3 small steps that can fill this school year with moments of joyful learning

Photo by Ben Filio for Remake Learning.

Doesn’t March 2020 seem like such a long time ago? Here we are starting yet another school year, and the virus is still with us. Schools are planning all kinds of logistics to keep everyone safe. Meanwhile, lines have been drawn over opinions on masking. Oh my! When will it all end?

The truth is, we don’t know. We can’t wait for the pandemic to cease its grip on us. And we can’t pretend this time hasn’t been incredibly stressful for children and families — especially those who were already shouldering daily challenges before the pandemic began.  

But even as we face these realities, it’s imperative that we focus on rediscovering the joy of learning and school. As an educator, it’s always been my central belief that joy is at the center of learning — pandemic or no pandemic.

Dr. Tom Ralston with a student at Avonworth Primary Center. Photo courtesy of Avonworth School District.

Research tells us that joy is the key to engagement and learning (Ford & Ortiz, 2012). During the past year and a half, I’ve been inspired by many teachers who have managed to find and maintain positivity and joy in their classrooms and schools. It’s not surprising, though. Master teachers keep this at the top of their minds when they plan their learning activities.

All of us can play a valuable role in ensuring that joy is at the center of the learning experience for our children. Here are some simple ways you can help as this school year begins: 

Consider what joyful learning is — and what it isn’t.

Joyful learning means a child is engaged and finds value in an activity — becoming immersed in it, and maybe even losing the sense of time, as though nothing else seems to matter (Csikszentmihalyi, 1990). Joyful, engaged learning shouldn’t be confused with just completing a task. Many kids have the self-discipline to complete a task, but not be truly engaged or finding joy. Notice what kinds of learning activities are joyful for your child, and perhaps let a teacher know what you’ve seen.  

Let yourself find moments of joy as you learn with your child.

Children look to their parents and other trusted adults in times of stress. As stressful as this time is for all of us, we need to be careful of how we express that frustration in front of our children. A positive, encouraging, reassuring approach from parents can give a child just what they need in times of uncertainty.

So try learning something new — perhaps a musical instrument, or some form of art — and let your child know you’re doing it for fun and joy. You don’t have to be great at it! In fact, when children see productive struggle from their loved ones, it can build their sense of resilience. The key is showing our children that finding joy in learning is important in our lives, too. That example can inspire them.

Slow down and make time for joy.

One of my most positive takeaways from the early days of the pandemic lockdown was that my family slowed down our lives. We rediscovered fun and creative activities. Game nights, hiking local trails, and small home projects all brought my family a great deal of joy and strengthened our relationships. We’ve committed to keeping this going.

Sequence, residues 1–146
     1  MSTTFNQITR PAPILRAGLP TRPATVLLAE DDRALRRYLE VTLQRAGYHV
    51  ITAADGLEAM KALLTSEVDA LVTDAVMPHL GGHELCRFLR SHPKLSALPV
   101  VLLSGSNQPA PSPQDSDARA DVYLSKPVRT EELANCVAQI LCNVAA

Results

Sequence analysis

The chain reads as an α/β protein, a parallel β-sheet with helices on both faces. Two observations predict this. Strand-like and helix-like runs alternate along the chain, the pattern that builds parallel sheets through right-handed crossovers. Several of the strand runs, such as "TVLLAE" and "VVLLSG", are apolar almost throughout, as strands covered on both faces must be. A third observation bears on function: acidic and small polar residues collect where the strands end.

Among our favorite activities: preparing meals together. When I was growing up, my mom would let us make choices and experiment with different ingredients and recipes. I have such fond memories of those evenings. Today, I can see my mom’s wisdom. Years later as a teacher, one of the most effective engagement strategies I found with students was to provide them with voice and choice — just like my mother did for me. You can make a joyful space for your child’s voice and their choices as they learn things in your household. 

Photo of Dr. Tom Ralston by Ed Birkholz of EFB Photography.

It really can be that simple. When I was a child, some of the best conversations with my mom were during preparation and clean up after dinner. The distraction of the activity led us down many paths: We spoke not about food, but about my relationship with my brother and sister, disagreements with friends, and anything else that seemed at the top of my mind.  

She didn’t know it at the time, but my mom was an expert at social-emotional learning!  

“There’s never been a time in our history when there have been so many changes, so many unusual things to deal with for which we have no experience,” Fred Rogers once said. “It’s as if our whole society were walking along a road through a wilderness of constant change with strangers we think we should know, but don’t quite understand.” 

It’s pretty incredible how intuitive Mr. Rogers was. Even though he wasn’t talking about the pandemic, his words offer insight and wisdom to us now. Most importantly, they offer comfort.  

As parents, we don’t have to be perfect. We just have to do the best we can to support our children in uncertain times and make space for joy where we can. In the end, doing our best will be good enough.   


Dr. Tom Ralston is this month’s guest editor at Kidsburgh. Dr. Ralston currently serves as executive director of the The Forum for Western Pennsylvania School Superintendents, based at the University of Pittsburgh. He previously served as superintendent at Avonworth School District. We look forward to hosting monthly guest editors and sharing their insights with the Kidsburgh community throughout the coming year.